In 1876, the Republican Party of the late President Abraham Lincoln (nicknamed the Grand Old Party, or GOP) had dominated the presidency for 16 years, but GOP control was in jeopardy. The country was mired in a severe economic depression for the fourth year in a row. President Ulysses S. Grant was retiring after two terms dominated by a succession of political scandals. The Democrats, once disgraced by their Civil War association with the rebellious South, had regained strength and confidence, winning a majority in the House of Representatives in 1874. And white southern voters were demanding the withdrawal of federal troops stationed in the former Confederacy to enforce Reconstruction, the federal government’s policy for guaranteeing political rights to the ex-slaves and safeguarding Republican state governments imposed after the war.
Meeting in their national conventions, the Democrats nominated Governor Samuel Tilden of New York for president, while the Republicans picked Ohio Governor Rutherford B. Hayes. Both men had reputations as reformers, and the two parties offered similar platforms advocating honest government and civil service reform. The general election campaign was dominated by mudslinging and by charge and countercharge, while the nominees remained above the fray, leaving attack politics to surrogates and the highly partisan newspapers of the day.
More than eight million voters turned out on election day, November 7. By evening, results arriving by telegraph showed a strong Democratic trend. Republican strongholds fell to Tilden, and by morning, he appeared to have won 17 states by a popular vote margin of at least 250,000, for 184 electoral votes, at that time just one short of a majority. Hayes was behind with 18 states and 165 electoral votes, but Republican Party hopes revived when returns showed narrow leads for Hayes in Florida, Louisiana, and South Carolina, which controlled 19 votes. Local Democrats disputed the results, asserting that federal troops had tainted the election; the GOP countered with claims that black Republican voters had been kept from the polls by force in many places. Bitterly divided, each state sent two contradictory certificates of election results to Congress.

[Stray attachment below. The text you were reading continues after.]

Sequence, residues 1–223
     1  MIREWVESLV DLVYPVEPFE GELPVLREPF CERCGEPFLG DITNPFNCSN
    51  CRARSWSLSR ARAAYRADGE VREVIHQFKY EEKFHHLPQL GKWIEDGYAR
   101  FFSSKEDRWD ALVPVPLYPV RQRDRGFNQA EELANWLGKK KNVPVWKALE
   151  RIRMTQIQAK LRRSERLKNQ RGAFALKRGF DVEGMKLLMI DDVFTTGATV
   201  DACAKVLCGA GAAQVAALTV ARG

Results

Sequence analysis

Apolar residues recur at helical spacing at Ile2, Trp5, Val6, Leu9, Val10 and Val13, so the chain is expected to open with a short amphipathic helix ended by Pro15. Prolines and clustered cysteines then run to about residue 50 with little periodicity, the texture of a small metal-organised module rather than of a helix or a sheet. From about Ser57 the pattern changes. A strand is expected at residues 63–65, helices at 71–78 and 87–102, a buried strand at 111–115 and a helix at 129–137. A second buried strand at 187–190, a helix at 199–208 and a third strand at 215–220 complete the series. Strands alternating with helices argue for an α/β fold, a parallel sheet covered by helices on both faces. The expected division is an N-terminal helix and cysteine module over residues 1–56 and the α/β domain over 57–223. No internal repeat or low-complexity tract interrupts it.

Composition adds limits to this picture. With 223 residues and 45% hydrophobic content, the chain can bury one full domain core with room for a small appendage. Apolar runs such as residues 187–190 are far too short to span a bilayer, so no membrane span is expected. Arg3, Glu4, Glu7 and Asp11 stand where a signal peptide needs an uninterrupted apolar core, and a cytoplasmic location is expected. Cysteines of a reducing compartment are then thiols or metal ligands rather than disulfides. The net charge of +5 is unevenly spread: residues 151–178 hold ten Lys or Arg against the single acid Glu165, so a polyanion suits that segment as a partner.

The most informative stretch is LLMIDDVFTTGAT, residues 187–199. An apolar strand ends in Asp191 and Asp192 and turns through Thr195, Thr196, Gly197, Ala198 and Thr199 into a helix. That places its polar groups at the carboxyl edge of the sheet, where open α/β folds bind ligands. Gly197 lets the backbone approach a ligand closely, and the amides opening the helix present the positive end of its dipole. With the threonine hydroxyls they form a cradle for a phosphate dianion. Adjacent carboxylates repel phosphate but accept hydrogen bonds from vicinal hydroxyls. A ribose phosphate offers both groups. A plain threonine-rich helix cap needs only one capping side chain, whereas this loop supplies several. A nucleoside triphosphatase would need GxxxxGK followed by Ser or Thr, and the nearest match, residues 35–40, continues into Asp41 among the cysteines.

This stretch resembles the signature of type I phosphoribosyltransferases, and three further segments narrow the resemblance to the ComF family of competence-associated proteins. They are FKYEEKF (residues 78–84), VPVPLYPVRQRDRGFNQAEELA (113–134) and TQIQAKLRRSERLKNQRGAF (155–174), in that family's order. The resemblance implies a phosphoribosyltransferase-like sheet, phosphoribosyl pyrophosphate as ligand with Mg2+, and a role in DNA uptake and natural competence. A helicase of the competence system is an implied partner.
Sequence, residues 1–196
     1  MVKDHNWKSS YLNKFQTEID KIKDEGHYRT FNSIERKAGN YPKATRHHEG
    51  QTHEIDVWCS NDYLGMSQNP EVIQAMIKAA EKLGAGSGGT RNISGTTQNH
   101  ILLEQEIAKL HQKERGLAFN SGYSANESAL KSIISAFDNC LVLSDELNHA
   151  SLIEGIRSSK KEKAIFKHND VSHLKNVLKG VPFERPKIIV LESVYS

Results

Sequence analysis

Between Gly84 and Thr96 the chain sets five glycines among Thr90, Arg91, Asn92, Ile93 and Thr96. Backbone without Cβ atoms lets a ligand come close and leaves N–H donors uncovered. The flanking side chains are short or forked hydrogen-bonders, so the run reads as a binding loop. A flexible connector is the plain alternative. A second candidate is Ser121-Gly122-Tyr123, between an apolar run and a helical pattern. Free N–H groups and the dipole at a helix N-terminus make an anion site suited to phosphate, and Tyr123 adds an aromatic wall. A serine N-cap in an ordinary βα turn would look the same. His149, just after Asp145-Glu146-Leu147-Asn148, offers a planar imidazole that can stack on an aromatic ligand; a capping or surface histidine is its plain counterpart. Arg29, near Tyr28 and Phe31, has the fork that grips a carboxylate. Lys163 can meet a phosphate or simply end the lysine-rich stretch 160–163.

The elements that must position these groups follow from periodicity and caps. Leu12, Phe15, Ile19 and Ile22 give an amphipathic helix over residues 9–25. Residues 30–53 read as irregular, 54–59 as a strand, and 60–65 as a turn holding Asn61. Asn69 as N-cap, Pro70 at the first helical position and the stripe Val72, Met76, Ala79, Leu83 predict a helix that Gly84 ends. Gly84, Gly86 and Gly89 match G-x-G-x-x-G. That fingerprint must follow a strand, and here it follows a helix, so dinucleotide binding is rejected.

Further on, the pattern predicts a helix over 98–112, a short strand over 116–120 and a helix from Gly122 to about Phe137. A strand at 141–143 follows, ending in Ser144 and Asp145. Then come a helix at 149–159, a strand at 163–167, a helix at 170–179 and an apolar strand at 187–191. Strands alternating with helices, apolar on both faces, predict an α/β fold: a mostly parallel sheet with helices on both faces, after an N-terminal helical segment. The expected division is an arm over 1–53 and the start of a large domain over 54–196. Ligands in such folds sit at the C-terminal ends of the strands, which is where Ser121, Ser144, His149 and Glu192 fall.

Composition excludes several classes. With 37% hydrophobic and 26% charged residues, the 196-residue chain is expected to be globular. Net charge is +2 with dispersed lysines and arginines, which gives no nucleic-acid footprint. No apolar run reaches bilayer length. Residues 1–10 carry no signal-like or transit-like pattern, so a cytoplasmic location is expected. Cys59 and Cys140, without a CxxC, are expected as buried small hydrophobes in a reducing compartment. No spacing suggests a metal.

A fierce battle over the disputed returns was predicted, with supporters of both candidates threatening violence. Congress responded in January 1877 by establishing a bipartisan electoral commission made up of senators, representatives, and Supreme Court justices. The commission would determine which slate of disputed electors had the better claim. On February 1, Congress met to count the electoral votes; the disputed returns were referred to the commission, which painstakingly examined each of them. The process continued for more than a month, but in every case the commission voted by the narrowest margin to accept the Republican electors. On March 2, the last votes were awarded to Hayes, who was declared elected by a one-vote margin, 185 to Tilden’s 184.
Despite widespread discontent among Democrats, the streets remained quiet: Over the previous month, party political operatives had worked out an agreement behind closed doors, the Compromise of 1877. Tilden and the Democratic Party accepted a GOP victory, while Hayes pledged to withdraw federal troops from the states of the former Confederacy, effectively ending Reconstruction. With the departure of the army, Republican governments in the South fell as former slaves were prevented from voting by legal maneuvers, intimidation, and terrorism. Loss of the vote was quickly followed by segregation laws and other discrimination against blacks, and it would be eight decades before the nation redressed the legacy of 1877.